As the World Series MVP, as the best pitcher going in the game today, Orel Hershiser went on national TV to give thanks to all the right people.

In the midst of a wild clubhouse celebration, Orel thoughtfully had kind words for, in order, the Lord, his wife, his parents, Tommy Lasorda, Fred Claire, the O'Malley family, and finally, for all great Dodgers on earth and in the sky.But for a guy who had been making the right pitch for nearly two months, a guy who had allowed an incredible three earned runs in his last 100 innings, Orel obviously forgot the count while making his thank-you roll call. He finally hung a mistake.

Come on, Orel. You should have known that up there No. 1, even ahead of the Lord himself, should have been this name:

Jim Sundberg, Arlington, Texas.

And for, oh, say half your World Series cut, Sunny probably would be willing to forget the oversight.

But really, what should be remembered here is that old baseball thing that says, "The trade you didn't make usually turns out to be the best."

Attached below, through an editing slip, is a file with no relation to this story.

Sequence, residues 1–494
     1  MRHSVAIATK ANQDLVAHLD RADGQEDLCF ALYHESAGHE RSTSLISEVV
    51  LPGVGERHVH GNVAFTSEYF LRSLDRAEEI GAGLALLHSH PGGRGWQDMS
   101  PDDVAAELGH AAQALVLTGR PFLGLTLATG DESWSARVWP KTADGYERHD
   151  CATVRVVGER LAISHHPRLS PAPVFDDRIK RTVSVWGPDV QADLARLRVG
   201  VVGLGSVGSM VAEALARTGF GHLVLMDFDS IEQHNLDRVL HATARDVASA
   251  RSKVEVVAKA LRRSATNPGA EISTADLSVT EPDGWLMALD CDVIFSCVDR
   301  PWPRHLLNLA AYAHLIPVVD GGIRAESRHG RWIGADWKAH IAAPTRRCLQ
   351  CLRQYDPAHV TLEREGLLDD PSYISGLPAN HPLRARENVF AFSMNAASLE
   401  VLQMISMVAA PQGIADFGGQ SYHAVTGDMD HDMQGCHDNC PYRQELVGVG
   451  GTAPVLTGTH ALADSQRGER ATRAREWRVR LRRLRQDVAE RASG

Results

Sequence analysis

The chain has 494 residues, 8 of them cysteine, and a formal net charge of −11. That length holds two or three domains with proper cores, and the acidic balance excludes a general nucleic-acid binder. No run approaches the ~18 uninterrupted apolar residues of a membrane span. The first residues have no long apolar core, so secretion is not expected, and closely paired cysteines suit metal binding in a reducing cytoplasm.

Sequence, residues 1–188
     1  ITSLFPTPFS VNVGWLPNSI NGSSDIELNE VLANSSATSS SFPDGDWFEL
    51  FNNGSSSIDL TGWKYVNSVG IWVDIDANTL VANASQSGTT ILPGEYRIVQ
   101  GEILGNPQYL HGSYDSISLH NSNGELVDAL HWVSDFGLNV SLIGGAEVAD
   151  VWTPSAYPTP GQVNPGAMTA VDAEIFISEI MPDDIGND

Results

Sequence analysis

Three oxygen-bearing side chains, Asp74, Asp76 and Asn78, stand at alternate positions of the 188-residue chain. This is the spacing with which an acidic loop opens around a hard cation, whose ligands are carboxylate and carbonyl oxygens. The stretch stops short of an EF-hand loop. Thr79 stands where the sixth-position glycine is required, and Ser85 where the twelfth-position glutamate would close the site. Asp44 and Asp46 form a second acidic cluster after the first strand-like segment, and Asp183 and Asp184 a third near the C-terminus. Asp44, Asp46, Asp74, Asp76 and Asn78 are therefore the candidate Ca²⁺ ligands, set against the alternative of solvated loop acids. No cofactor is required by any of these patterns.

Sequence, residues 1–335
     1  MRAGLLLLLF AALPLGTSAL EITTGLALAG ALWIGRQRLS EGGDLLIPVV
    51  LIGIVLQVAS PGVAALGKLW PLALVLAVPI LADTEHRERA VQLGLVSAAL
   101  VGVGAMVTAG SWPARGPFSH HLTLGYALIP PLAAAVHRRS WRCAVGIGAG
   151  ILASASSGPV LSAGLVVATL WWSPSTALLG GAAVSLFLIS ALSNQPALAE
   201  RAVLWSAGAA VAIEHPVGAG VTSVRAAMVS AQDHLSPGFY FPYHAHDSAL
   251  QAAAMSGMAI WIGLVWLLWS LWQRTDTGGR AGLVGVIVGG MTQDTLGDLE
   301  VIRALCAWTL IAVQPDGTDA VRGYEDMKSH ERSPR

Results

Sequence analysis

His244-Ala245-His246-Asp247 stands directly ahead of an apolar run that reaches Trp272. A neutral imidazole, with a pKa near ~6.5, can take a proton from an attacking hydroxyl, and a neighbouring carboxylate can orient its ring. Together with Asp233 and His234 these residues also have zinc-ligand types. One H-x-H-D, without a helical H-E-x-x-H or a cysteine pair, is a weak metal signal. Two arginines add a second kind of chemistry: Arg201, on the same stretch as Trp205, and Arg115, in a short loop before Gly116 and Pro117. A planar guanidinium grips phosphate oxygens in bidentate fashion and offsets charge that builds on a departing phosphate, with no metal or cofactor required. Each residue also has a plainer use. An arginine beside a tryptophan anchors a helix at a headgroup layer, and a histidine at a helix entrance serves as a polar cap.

And what the Dodgers regime of today would like to forget is that Orel Hershiser, among others, was traded to the Rangers on Dec. 4, 1982.

But because Sundberg personally killed that trade, you might say he's the one person most responsible for Orel Hershiser reaching this season's new heights.

Don't ever forget that, OK, Orel? If nothing else, Sundberg saved you from Doug Rader, which means he also probably saved your sanity, not to mention your Dodgers career.

Can you imagine a pitcher named OREL, with the physical demeanor of a geek who splits atoms for a hobby, surviving under the Rader reign of macho, muscle and madness?

Tom Henke comes to mind immediately. With a personality similar to Hershiser's, Henke was branded as "gutless" because he didn't like the smell of napalm in the morning. In Rader's army, you had to.

So Henke and his 92 mph fastball were given away to Toronto, where he is now regarded as merely one of the best relief pitchers in the business.

You too, Orel, could now be pitching elsewhere. And watching the World Series on TV.

Except that Sundberg said no.

"We were in Hawaii when the trade was made," said former Rangers general manager Joe Klein on Saturday, "and we knew we had scored big with this deal. But we also knew Sunny had to approve it, and he had like 24 hours to do so. Then came the word that he had rejected it. It got very cloudy in Hawaii for me. The sun was still shining, but it rained on me."